Tyrese Haliburton, Pacers stealing the In-Season Tournament show | Devine Intervention

Yahoo Sports NBA writer Dan Devine is joined by Caitlin Cooper to break down Indiana’s impressive win over the Celtics to clinch a spot in Las Vegas for the In-Season Tournament semifinals. Hear the full conversation on “Devine Intervention” - part of the “Ball Don’t Lie” podcast - and subscribe on Apple Podcasts, Spotify or wherever you listen.

Video Transcript


DAN DEVINE: Boom, baby. In come the big bad blue-blood Celtics, with the best record and the best net rating in the NBA. And out they go, shipped back up to Boston, holding that L. 122-112 Pacers win, absolute coming-out party for Tyrese Haliburton. And I'm interested in what part of that performance, which was 26 points, 10 rebounds, 13 assists, zero turnovers, 40 minutes, first career triple double, what about that stood out to you?

CAITLIN COOPER: I think the before and after effect, I mean he talked after the game. He had been dealing with an illness. He actually had to use an inhaler at half-time because he didn't feel like his breathing was right. So we have to factor in that human element of it all.

But at the end of the second quarter, the game got kind of weird for both teams, where Jayson Tatum was like hey, I've been hunting Tyrese Haliburton for a while. I think I'll stop that and I'll just isolate against Andrew Nembhard. And Tyrese was like, you know. I have--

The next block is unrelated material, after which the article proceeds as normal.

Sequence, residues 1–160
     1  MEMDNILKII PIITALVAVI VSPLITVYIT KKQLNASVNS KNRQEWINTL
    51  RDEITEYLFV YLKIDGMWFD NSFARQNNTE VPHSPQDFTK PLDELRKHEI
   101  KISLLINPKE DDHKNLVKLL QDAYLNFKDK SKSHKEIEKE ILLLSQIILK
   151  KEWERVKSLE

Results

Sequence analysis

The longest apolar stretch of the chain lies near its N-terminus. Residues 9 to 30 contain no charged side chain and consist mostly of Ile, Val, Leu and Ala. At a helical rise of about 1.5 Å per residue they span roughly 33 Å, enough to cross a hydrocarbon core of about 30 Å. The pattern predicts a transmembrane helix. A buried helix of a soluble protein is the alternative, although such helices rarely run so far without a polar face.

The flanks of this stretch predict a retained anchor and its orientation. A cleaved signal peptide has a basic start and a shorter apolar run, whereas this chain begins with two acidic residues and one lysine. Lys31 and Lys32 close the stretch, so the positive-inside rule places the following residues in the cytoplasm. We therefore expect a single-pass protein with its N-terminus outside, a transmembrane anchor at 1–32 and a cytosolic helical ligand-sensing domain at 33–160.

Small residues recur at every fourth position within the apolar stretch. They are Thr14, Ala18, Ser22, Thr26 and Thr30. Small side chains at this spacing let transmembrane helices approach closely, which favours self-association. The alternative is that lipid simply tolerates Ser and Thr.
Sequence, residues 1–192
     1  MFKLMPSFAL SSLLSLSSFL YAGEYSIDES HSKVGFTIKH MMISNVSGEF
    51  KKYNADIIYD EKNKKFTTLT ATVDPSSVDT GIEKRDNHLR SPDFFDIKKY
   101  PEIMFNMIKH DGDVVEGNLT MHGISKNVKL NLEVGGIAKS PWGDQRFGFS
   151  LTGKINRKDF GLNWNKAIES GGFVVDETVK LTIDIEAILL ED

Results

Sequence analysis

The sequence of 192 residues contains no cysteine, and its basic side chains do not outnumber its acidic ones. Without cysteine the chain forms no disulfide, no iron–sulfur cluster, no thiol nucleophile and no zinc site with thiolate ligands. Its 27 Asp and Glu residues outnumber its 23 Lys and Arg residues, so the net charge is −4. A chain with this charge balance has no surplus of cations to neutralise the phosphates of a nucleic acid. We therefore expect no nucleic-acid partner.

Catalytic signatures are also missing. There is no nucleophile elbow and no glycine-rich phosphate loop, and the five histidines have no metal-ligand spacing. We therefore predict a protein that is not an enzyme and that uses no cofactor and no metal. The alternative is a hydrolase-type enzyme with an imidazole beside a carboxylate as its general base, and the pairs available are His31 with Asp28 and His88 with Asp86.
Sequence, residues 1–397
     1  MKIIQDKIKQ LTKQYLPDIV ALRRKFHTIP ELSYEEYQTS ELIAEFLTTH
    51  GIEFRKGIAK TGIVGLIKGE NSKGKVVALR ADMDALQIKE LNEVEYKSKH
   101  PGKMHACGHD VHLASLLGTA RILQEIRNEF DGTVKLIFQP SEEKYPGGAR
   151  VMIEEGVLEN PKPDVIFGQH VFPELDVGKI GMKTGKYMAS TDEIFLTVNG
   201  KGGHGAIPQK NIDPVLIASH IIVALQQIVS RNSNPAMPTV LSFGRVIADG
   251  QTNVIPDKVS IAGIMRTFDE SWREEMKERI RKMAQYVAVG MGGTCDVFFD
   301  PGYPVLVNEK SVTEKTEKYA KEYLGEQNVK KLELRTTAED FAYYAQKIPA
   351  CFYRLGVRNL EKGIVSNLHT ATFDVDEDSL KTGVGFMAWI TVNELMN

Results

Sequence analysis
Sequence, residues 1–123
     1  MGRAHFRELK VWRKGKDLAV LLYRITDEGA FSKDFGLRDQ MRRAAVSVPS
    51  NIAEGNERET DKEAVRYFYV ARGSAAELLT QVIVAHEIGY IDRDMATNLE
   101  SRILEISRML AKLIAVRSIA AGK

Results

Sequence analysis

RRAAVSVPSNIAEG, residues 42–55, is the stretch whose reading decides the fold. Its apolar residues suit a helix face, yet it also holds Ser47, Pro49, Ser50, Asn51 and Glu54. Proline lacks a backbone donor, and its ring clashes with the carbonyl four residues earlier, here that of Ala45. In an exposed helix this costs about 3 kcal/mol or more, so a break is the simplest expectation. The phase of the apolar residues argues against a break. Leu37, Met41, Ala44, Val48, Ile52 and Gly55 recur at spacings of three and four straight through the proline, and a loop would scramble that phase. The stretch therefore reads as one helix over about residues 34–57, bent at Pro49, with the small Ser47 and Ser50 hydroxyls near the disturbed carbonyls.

DAN DEVINE: Thank you.

CAITLIN COOPER: I have Payton Pritchard out on the perimeter. But instead I'm going to call for a screen from Bruce Brown and try to jack up a shot against Jayson Tatum, which typically like Tyrese is so good at-- he just cascades with flow. He knows and processes the floor so well that he can get to the next action and know where the advantages are coming from.

And it just felt like it was a bit of a choppy game for him. Then you get into obviously the third quarter was huge. That set the tone. But in the fourth quarter, I anticipated there were going to be a lot of cross matches. And there were, because by the time they got to the end of that game, Jrue Holiday did end up on Myles Turner, which I thought they would go to as like a pre-switch so that Jhrue could switch out to Tyrese on those screens rather than having Al Horford.

Tyrese was just very methodical in where he was going to find those advantages at, including just deferring to his teammates for a few possessions. Like he knows Aaron Nesmith has Al Horford on him. Let's run actions to get Aaron Nesmith moving. And then he's just crashing and getting to the rim. Like he really was an X factor to the point where they get that last possession, which is the dagger 4.3 where they're running that ATO and they get Myles off of Jrue Holiday, get Al Horford onto Myles.

Myles screens for Tyrese, and then Buddy does what Buddy always does, which is go run and set a ghost screen for Tyrese to create just that little bit of indecision. And Jaylen Brown ends up fouling him. And that's just the dagger. So I felt like those two points really showed that the longer Tyrese is in a match-up, eventually he's going to figure it out, the longer the game goes on.

DAN DEVINE: That's a fascinating point, because that control of the circumstances, the pace, the flow, everything about it, that's where the absolute best of the best gets you, right? Where every possession is about them, even when it's not about them, right? Where the Celtics seemed better equipped than just about anybody to inconvenience Haliburton with Jrue Holiday at the point of attack, with Derrick White there, with Jayson Tatum, with Jaylen Brown, the length and the quality they bring to bear on the perimeter. But you give them enough time, and you give them enough of an opportunity to see what you're doing to him, and he dismantles it.